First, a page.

STOCKHOLM, Oct. 7(ChinaEuropeNews)– The Royal Swedish Academy of Sciences has decided to award the Nobel Prize in Chemistry 2020 to Emmanuelle Charpentier from Max Planck Unit for the Science of Pathogens, Berlin, Germany and Jennifer A. Doudna from University of California, Berkeley, USA for the development of a method for genome editing”.
Goran Hansson, Permanent Secretary of the Royal Swedish Academy of Sciences made the announcement at a press conference at the Royal Swedish Academy of Sciences headquarter in Stockholm.
Genetic scissors: a tool for rewriting the code of life
Emmanuelle Charpentier and Jennifer A. Doudna have discovered one of gene technology’s sharpest tools: the CRISPR/Cas9 genetic scissors. Using these, researchers can change the DNA of animals, plants and microorganisms with extremely high precision. This technology has had a revolutionary impact on the life sciences, is contributing to new cancer therapies and may make the dream of curing inherited diseases come true.
Researchers need to modify genes in cells if they are to find out about life’s inner workings. This used to be time-consuming, difficult and sometimes impossible work. Using the CRISPR/Cas9 genetic scissors, it is now possible to change the code of life over the course of a few weeks.
“There is enormous power in this genetic tool, which affects us all. It has not only revolutionised basic science, but also resulted in innovative crops and will lead to ground-breaking new medical treatments,” says Claes Gustafsson, chair of the Nobel Committee for Chemistry.
As so often in science, the discovery of these genetic scissors was unexpected. During Emmanuelle Charpentier’s studies of Streptococcus pyogenes, one of the bacteria that cause the most harm to humanity, she discovered a previously unknown molecule, tracrRNA. Her work showed that tracrRNA is part of bacteria’s ancient immune system, CRISPR/Cas, that disarms viruses by cleaving their DNA.
Charpentier published her discovery in 2011. The same year, she initiated a collaboration with Jennifer Doudna, an experienced biochemist with vast knowledge of RNA. Together, they succeeded in recreating the bacteria’s genetic scissors in a test tube and simplifying the scissors’ molecular components so they were easier to use.
In an epoch-making experiment, they then reprogrammed the genetic scissors. In their natural form, the scissors recognise DNA from viruses, but Charpentier and Doudna proved that they could be controlled so that they can cut any DNA molecule at a predetermined site. Where the DNA is cut it is then easy to rewrite the code of life.
Since Charpentier and Doudna discovered the CRISPR/Cas9 genetic scissors in 2012 their use has exploded. This tool has contributed to many important discoveries in basic research, and plant researchers have been able to develop crops that withstand mould, pests and drought. In medicine, clinical trials of new cancer therapies are underway, and the dream of being able to cure inherited diseases is about to come true. These genetic scissors have taken the life sciences into a new epoch and, in many ways, are bringing the greatest benefit to humankind.
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Read more about this year’s prize
Emmanuelle Charpentier, born 1968 in Juvisy-sur-Orge, France. Ph.D. 1995 from Institut Pasteur, Paris, France. Director of the Max Planck Unit for the Science of Pathogens, Berlin, Germany.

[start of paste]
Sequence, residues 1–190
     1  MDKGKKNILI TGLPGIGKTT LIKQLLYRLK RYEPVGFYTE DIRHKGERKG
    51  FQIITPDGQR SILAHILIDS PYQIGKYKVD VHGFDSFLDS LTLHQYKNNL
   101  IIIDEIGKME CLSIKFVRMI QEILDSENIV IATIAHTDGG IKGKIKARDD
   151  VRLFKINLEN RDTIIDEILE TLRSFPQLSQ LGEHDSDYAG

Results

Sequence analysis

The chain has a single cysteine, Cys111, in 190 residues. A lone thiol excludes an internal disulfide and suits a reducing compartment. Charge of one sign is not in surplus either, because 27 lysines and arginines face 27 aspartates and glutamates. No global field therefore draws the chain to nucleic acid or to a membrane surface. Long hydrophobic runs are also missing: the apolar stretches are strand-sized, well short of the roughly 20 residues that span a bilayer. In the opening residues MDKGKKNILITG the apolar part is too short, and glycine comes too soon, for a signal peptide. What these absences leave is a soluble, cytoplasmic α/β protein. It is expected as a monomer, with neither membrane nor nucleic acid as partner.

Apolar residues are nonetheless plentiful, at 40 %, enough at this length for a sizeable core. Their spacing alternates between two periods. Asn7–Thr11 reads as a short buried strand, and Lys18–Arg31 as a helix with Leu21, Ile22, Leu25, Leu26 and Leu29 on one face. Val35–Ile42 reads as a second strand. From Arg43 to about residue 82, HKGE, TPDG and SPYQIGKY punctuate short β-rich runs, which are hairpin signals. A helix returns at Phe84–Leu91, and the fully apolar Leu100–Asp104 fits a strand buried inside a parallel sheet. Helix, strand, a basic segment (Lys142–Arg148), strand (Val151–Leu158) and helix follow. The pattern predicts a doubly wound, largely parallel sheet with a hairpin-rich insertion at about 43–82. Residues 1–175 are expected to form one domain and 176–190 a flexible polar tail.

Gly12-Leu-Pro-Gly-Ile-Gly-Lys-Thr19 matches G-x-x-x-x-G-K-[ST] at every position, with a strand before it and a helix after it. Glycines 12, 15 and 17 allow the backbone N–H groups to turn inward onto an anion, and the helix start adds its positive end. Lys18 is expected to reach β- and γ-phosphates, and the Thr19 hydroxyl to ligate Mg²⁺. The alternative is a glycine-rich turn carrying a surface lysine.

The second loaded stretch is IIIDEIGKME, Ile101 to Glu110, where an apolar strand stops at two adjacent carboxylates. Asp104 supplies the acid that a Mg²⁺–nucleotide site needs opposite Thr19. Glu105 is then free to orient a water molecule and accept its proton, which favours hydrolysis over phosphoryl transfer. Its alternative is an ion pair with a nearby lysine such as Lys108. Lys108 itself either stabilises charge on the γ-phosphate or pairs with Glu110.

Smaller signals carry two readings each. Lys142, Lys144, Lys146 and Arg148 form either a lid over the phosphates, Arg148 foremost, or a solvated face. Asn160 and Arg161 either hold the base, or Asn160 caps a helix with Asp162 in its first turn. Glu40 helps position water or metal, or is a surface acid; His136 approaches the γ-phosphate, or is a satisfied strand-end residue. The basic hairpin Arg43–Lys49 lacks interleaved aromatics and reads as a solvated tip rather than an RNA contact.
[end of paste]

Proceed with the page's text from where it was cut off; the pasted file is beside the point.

Jennifer A. Doudna, born 1964 in Washington, D.C, USA. Ph.D. 1989 from Harvard Medical School, Boston, USA. Professor at the University of California, Berkeley, USA and Investigator, Howard Hughes Medical Institute.
Prize amount: 10 million Swedish kronor, to be shared equally between the Laureates.
Hansson announced that this year the Nobel awarding ceremony will not be held in Stockholm Concert Hall due to the Covid 19. But the lectures will be held online through video. The royal banquet has been cancelled too.
But these laureates will be invited next year to attend the grand awarding ceremony.
At the press conference, Emmanuel Charpentier answered the questions from the journalists.
She said she was very happy to hear the news. She was so moved by the news and tears almost came out of her eyes. She felt this will greatly inspired young girls to study science and she hopes that more young girls will study science.
Talking about her study at Umea University in northern part of Sweden, she said it was long nights and short lights, the winter was long and summer was very short. But it was there she began to have an idea what she would do in the future. She felt the free and open academic atmosphere at Umea University and that inspired and encouraged her very much.
Later, she went to California too and coming back to her own lab, she was more mature in developing her ideas.
She said it was during the 1980s that genom coding idea came to awareness and she thought if she could find a way to edit genom, that will be very helpful for the study of the genes.
In fact, the finding of the gene sequence and the editing of the genes has been applied by many scientists in eliminating the bad genes for example in treating or avoiding the genetically inherited diseases.
But professor Gustavsson also stressed during an interview that the nobel laureates themselves also are very careful in where and when this should be used, morally it should be well regulated.
The Royal Swedish Academy of Sciences, founded in 1739, is an independent organisation whose overall objective is to promote the sciences and strengthen their influence in society. The Academy takes special responsibility for the natural sciences and mathematics, but endeavours to promote the exchange of ideas between various disciplines.
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